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Cambridge Interdisciplinary Research on the Environment

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Pathways Project

Pathways to Understanding the Changing Climate is an interdisciplinary research project funded by the Arts and Humanities Research Council (AHRC), that brings together educationalists and social anthropologists with the aim of understanding how people narrate and respond to their ever changing local landscapes.

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Research in the Community

CIRE has several projects engaging with the community from schoolchildren, both in the UK and overseas, to grass roots organisations and environmental agencies.

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Healthy Waterways

This follows on from the Pathways Project and uses the findings emerging from that project about engaging communities and connection to place to facilitate an ongoing project in South Africa called the Aller River Pilot Project.

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Orkney: Beside the Ocean of Time

This interdisciplinary project is a collaboration between Richard Irvine and his colleagues, with the Orcadian artist Anne Bevan, and The Pier Arts Centre, to find ways to investigate and represent time-depth in landscape, using Orkney as a model.

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Climate Histories Seminar Series

The Climate Histories Seminar Series is an interdisciplinary research group funded by CRASSH and involving the Departments of Social Anthropology, Geography and the Department of Engineering's Sustainable Development Centre.

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Blowing in the Wind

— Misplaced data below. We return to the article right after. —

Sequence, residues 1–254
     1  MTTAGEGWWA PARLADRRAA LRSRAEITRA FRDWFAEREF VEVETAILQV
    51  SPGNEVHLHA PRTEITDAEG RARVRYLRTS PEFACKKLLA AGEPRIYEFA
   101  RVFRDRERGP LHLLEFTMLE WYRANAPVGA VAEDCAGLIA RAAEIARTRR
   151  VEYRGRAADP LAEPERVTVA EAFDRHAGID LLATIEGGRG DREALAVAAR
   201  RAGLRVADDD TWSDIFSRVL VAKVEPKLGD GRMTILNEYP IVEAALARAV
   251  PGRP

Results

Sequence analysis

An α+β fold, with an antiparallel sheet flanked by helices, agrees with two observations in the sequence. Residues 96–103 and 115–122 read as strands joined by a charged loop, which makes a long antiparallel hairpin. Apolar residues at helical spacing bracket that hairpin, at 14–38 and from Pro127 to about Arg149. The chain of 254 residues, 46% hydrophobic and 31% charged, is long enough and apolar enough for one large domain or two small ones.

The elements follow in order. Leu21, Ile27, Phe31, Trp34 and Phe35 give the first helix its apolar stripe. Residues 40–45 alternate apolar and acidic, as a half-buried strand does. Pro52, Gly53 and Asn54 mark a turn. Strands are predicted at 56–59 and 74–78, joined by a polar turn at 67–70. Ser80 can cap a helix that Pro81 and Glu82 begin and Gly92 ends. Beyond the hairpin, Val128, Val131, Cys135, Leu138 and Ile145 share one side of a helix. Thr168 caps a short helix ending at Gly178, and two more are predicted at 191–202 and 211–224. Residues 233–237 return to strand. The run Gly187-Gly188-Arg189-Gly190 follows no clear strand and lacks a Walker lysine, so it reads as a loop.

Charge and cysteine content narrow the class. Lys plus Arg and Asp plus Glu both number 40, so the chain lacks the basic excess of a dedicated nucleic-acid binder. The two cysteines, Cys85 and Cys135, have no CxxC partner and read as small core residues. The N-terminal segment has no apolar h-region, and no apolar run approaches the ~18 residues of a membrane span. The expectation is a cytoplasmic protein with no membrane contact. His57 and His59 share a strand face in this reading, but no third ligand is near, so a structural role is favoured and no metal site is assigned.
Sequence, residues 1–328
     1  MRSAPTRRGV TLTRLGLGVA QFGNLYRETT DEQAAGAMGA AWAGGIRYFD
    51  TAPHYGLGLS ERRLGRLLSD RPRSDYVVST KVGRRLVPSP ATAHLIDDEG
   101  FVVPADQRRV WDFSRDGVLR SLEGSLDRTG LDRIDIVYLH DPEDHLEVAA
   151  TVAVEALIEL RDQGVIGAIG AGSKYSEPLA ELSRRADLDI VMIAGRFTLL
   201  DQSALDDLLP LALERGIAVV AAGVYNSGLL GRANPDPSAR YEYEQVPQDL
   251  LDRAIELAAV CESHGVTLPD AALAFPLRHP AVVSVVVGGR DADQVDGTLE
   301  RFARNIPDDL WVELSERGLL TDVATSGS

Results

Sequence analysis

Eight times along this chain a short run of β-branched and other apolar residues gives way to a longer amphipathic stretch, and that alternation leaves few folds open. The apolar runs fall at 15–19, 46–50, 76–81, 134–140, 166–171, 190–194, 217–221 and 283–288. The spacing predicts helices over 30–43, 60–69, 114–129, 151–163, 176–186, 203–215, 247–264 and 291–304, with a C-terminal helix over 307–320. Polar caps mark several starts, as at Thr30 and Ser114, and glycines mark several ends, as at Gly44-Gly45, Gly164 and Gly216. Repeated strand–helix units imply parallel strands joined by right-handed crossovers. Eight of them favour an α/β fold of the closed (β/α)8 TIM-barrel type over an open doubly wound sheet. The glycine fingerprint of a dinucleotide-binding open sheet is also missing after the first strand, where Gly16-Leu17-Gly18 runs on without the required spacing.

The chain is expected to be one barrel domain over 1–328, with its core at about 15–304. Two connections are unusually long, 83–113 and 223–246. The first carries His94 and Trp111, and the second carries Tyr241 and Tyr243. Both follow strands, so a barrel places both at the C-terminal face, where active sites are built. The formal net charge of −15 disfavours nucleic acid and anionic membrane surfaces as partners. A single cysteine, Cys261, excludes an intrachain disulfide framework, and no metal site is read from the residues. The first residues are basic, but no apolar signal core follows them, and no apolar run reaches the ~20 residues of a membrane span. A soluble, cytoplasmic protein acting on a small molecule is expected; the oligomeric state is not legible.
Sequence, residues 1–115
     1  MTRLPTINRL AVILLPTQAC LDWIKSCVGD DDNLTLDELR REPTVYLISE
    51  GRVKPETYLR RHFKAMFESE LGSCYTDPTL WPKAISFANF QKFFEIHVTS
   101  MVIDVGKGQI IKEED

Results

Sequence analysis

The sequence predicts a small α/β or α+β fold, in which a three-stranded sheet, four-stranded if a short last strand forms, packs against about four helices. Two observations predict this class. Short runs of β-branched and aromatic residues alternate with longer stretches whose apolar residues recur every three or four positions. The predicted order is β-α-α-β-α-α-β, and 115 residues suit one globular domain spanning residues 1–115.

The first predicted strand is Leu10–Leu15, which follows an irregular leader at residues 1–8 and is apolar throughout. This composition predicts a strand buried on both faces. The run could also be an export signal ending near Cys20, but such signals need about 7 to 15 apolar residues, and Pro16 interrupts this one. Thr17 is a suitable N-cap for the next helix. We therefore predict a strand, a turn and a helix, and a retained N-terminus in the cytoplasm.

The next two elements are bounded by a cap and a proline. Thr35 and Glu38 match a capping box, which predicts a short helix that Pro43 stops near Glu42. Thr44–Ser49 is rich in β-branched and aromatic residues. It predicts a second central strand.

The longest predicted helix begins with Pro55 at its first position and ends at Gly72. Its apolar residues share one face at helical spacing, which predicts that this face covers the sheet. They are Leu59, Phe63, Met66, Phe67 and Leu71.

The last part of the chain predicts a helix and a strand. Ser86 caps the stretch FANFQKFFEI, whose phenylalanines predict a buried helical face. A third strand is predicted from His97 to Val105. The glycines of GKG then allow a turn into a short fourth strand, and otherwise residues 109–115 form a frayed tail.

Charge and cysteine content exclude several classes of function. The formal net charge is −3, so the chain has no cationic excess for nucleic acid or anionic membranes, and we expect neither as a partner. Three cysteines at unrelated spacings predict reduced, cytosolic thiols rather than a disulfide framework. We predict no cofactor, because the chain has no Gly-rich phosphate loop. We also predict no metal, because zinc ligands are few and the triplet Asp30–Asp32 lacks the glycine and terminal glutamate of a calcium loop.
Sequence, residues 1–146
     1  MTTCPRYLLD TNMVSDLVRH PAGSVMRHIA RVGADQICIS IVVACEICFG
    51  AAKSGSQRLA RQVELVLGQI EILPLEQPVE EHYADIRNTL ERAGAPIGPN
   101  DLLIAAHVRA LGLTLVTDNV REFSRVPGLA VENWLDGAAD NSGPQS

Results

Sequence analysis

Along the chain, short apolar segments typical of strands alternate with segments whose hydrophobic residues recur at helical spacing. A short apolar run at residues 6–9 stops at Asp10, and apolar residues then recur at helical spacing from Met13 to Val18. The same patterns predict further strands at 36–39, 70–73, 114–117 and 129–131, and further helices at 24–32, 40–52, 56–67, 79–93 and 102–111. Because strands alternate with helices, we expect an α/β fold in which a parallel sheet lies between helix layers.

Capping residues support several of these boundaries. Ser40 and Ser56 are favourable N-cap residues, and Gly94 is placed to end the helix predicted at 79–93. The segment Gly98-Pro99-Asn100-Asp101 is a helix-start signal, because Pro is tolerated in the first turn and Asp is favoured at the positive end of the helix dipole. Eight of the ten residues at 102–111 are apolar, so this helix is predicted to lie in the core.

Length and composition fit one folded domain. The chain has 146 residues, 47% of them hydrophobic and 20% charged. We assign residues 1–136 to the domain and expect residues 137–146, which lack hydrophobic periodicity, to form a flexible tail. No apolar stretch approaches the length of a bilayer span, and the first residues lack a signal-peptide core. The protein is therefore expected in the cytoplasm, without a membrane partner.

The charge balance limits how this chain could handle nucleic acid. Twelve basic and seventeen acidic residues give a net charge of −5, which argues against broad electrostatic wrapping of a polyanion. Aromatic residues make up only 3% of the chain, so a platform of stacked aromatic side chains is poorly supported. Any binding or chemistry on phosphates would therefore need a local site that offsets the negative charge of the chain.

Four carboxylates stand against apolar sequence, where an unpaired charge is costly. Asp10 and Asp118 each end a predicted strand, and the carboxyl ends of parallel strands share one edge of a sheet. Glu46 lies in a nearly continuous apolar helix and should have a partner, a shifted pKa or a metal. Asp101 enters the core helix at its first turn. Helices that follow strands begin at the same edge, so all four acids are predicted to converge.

This project explored renewable energy, pastoralism and changing patterns of land-use in Chinese Inner Mongolia.

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Cambridge Interdisciplinary Research on the Environment is a group that was initiated following a successful AHRC Network grant within Social Anthropology which created an interdisciplingary netwook on Climate Histories. Following the success of this network an interdisciplinary seminar series was funded by CRASSH from 2011–2016 to continue work on this theme. This series was co-convened by the Departments of Social Anthropology, Geography, and the Engineering Department's Centre for Sustainable Development.

The series brought together people from a range of academic and non-academic backgrounds including the sciences, arts, humanities, and social sciences, and those working within policy, industry, activism, education, and media and continues as an occasional series hosted at the Mongolia & Inner Asia Studies Unit.

The connections and networks made through the discussions in this series formed the backdrop against which some funding bids were developed and the projects that resulted are also featured on this site.